Export, remittance plunge signals a bad omen for our economy


Exports and remittances, two major sources of foreign currencies for Bangladesh, plunged in April, a bad omen for the economy as it deals with multiple challenges, including a dollar crisis, an elevated level of import costs and falling reserves. Export earnings slumped 16.5 per cent year-on-year to $3.95 billion last month.

And despite a surge in the outflow of migrant workers in 2022, remittances sent by migrant workers and non-resident Bangladeshis living abroad dropped 16.2 per cent to $1.68 billion, the sharpest fall in 14 months. Exporters blame the falling flow of orders from the Western markets on higher inflation while bankers say migrant workers prefer to send money through informal channels.

The decrease in export and remittances is terrible for the economy. The latest data comes at a time when Bangladesh’s foreign exchange reserves are falling as export and remittances earnings can’t cover the cost of imports despite its slowdown. The taka lost about 25 per cent in value against the greenback in the past one year, raising the import costs and the prices of imported goods to a large extent.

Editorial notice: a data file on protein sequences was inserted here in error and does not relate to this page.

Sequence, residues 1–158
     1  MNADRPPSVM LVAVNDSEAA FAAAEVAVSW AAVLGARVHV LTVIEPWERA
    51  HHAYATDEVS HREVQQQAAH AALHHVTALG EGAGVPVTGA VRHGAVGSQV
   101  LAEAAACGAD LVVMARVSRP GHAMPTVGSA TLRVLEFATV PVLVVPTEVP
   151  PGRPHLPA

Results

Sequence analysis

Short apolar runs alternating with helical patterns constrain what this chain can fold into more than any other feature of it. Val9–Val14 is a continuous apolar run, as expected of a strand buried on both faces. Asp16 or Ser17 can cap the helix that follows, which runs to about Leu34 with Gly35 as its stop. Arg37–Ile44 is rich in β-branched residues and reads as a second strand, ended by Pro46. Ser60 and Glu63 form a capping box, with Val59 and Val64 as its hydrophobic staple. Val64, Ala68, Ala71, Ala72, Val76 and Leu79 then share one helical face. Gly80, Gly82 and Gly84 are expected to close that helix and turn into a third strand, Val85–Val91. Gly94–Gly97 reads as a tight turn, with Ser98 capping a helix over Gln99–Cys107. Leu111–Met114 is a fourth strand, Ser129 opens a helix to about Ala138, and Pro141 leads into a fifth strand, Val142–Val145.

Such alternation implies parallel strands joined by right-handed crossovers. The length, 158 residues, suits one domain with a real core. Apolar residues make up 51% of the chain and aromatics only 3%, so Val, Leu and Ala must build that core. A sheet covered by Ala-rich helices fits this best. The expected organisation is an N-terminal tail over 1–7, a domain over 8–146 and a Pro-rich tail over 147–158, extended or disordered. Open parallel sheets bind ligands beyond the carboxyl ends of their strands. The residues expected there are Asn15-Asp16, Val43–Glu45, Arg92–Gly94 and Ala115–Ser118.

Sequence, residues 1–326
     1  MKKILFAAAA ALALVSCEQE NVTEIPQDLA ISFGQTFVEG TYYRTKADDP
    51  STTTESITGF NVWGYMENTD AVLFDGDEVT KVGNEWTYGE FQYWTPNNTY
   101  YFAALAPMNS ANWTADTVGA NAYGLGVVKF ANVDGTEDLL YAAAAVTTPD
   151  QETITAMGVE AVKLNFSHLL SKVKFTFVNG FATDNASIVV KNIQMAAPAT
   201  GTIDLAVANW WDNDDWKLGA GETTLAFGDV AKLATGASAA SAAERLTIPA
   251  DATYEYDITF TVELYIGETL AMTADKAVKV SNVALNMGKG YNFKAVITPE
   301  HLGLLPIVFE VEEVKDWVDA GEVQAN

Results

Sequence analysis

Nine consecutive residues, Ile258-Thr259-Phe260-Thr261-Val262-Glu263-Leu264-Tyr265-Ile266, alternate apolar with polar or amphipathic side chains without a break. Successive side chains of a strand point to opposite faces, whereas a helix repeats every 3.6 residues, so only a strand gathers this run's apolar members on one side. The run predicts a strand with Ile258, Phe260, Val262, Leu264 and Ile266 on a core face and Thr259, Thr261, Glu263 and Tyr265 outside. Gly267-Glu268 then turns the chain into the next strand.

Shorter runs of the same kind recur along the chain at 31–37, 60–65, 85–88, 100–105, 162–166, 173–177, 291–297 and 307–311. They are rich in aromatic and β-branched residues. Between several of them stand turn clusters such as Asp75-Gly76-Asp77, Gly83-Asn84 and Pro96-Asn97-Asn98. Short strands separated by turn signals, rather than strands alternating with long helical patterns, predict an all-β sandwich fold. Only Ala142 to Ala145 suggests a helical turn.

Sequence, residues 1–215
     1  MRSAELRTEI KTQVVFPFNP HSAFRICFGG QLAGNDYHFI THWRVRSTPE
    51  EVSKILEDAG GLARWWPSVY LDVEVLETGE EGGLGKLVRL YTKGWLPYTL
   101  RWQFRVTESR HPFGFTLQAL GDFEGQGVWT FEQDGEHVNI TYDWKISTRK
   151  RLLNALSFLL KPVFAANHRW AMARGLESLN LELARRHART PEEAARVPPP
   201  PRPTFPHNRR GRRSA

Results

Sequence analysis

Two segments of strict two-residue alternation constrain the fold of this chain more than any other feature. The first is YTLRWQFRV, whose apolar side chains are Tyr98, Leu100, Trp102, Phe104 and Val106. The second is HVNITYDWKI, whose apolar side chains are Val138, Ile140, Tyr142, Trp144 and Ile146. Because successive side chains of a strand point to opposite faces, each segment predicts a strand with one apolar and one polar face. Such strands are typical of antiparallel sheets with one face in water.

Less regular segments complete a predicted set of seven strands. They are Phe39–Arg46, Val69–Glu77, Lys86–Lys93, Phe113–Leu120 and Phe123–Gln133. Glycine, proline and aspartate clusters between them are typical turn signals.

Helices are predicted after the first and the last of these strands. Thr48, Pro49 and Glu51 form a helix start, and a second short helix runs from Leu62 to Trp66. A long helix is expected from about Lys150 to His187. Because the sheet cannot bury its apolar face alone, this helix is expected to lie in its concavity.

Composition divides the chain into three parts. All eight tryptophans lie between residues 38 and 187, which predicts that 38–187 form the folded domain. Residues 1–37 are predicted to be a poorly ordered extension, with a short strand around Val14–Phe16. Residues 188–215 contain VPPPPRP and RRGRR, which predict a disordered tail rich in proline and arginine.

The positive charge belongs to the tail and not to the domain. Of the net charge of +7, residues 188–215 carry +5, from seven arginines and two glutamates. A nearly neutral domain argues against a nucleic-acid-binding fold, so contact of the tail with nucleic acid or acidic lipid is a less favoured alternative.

Another factor may be the effect on demand following measures taken by Western countries to contain inflation. Under the current circumstances, prudent macroeconomic management has become important to stabilise the economy and contain the risks. The shipment of garments, which account for about 85 per cent of the national export basket, declined 15.4 per cent year-on-year in April.

However, Bangladesh’s overall receipts from the shipment of goods grew 5.38 per cent to $45.67 billion between July and April. Bangladesh Bank data showed that remittances flow in April was lower than the overall inflow in March when migrants sent home $2 billion, the third-highest in FY23, to enable their families and relatives to celebrate the Eid-ul-Fitr. Overall remittances flow grew 2 per cent year-on-year to $17.7 billion between July and April.

The entire macroeconomy may face problems if remittances and export earnings decrease. Bangladesh is in an economic crisis due to prolonged political crisis that can be reversed unless Bangladesh comes back on the right track.